|Skip Navigation Links|
|Exit Print View|
|man pages section 1: User Commands Oracle Solaris 11.1 Information Library|
- audio mixer control command line application
audioctl show-device [-v] [-d device]
audioctl show-control [-v] [-d device] [control ...]
audioctl set-control [-v] [-d device] control value
audioctl save-controls [-d device] [-f] file
audioctl load-controls [-d device] file
The audioctl command is used to control various features of the audio mixer and to get information about the audio mixer and the audio device. The audioctl command operates on the following data types:
An audio device, such as audiohd#0. The subcommands that accept this do so as an argument to an option -d. If not supplied, the default audio device is assumed. Any device node associated with an audio device works as well, such as /dev/sound/0, /dev/dsp1, or /dev/audio.
A mixer control name, such as volume.
The value of a control. The specific format depends on the type of control. Monophonic values usually use a single whole number between 0 and 100, inclusive. Stereo values use a pair of such numbers, representing the right and left channels. Boolean values indicate either on or off. Enumerations take a single value of one or more names.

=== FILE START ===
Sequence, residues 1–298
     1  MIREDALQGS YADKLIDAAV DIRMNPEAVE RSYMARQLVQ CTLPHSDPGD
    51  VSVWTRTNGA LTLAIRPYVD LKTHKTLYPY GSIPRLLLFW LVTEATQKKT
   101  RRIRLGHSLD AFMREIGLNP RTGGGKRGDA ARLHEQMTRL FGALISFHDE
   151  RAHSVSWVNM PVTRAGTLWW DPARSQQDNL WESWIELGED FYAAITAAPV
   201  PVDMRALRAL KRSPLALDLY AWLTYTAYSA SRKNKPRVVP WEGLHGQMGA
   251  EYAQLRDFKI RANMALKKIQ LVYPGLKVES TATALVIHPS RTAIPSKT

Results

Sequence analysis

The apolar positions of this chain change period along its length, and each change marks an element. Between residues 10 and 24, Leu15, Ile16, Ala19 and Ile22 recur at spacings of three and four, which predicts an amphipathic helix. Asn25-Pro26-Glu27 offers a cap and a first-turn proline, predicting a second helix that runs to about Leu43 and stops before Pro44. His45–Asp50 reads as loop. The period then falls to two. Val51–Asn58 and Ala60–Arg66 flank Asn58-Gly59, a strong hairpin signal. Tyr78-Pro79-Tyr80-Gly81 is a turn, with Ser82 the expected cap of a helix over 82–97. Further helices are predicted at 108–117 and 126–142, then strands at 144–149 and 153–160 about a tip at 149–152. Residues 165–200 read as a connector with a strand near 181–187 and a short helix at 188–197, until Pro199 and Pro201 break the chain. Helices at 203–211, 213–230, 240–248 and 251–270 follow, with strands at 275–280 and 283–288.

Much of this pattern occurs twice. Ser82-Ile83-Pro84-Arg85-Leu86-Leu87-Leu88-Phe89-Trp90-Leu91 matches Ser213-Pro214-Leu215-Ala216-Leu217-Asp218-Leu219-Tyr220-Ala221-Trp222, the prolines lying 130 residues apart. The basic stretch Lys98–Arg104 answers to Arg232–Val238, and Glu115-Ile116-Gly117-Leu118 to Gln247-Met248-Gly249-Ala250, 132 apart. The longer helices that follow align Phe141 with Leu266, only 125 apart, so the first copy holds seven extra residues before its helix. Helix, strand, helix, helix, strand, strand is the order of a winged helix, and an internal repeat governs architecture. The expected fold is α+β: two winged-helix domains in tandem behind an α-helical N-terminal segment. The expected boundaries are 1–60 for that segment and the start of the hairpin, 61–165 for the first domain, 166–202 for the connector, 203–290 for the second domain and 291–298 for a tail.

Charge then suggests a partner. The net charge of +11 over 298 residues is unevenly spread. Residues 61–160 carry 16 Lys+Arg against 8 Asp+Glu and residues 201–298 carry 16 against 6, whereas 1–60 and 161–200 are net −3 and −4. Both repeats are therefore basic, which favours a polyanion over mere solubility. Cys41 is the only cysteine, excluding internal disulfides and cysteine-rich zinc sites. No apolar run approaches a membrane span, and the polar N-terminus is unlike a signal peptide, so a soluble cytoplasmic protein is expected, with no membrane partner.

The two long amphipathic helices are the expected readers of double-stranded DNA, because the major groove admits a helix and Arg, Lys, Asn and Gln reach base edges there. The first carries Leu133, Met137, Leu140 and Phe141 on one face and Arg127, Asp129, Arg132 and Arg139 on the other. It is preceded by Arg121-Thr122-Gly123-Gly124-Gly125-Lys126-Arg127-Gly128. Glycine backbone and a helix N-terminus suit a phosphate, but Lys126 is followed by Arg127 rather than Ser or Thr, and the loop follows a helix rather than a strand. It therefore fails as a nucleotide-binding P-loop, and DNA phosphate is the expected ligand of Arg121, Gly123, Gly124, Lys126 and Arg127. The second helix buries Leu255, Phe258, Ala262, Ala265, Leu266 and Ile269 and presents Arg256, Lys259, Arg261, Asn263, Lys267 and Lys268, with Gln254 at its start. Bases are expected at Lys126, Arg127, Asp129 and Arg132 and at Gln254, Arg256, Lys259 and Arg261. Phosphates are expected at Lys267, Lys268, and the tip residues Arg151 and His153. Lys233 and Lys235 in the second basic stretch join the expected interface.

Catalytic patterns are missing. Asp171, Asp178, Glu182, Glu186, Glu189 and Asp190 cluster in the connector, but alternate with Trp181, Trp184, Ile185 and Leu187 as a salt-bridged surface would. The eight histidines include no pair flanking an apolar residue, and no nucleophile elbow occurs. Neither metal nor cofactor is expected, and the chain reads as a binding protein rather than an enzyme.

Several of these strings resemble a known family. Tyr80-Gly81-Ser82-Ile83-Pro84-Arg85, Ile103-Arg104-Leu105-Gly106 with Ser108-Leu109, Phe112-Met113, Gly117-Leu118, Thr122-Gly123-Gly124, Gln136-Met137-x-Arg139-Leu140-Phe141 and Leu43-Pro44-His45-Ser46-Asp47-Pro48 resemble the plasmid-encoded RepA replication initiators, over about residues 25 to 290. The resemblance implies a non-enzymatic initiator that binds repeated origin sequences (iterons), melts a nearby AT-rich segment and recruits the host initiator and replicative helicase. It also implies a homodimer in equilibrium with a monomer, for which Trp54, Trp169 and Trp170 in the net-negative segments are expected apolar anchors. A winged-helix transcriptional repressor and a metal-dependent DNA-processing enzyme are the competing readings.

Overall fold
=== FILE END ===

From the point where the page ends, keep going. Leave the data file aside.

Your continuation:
An ASCII text file of control settings.
Each subcommand has its own set of options that it takes. However, some subcommands support the special flag -v, which indicates a request for more verbose output.
The following subcommands are supported:
List all the audio devices on the system.
Display general information about a device.
Display the control setting values for the device. The named controls are displayed. If no control names are provided, then all control values are displayed.
Changes the value of a control to the supplied value.
Saves the current state of all mixer control values to the named file. The command aborts safely if the file already exists, unless -f is specified.
Restores previously saved state in the named file for all mixer controls.
If the -d and -a options are not specified, the AUDIODEV environment variable is consulted. If set, AUDIODEV contains the full path name of the user's default audio device.
See attributes(5) for descriptions of the following attributes:
The audioctl command and its subcommands are Committed. The human readable output is Not An Interface. The device names, control names, and values are Uncommitted. The format of the state files used by the save-controls and load-controls subcommands is Committed Private.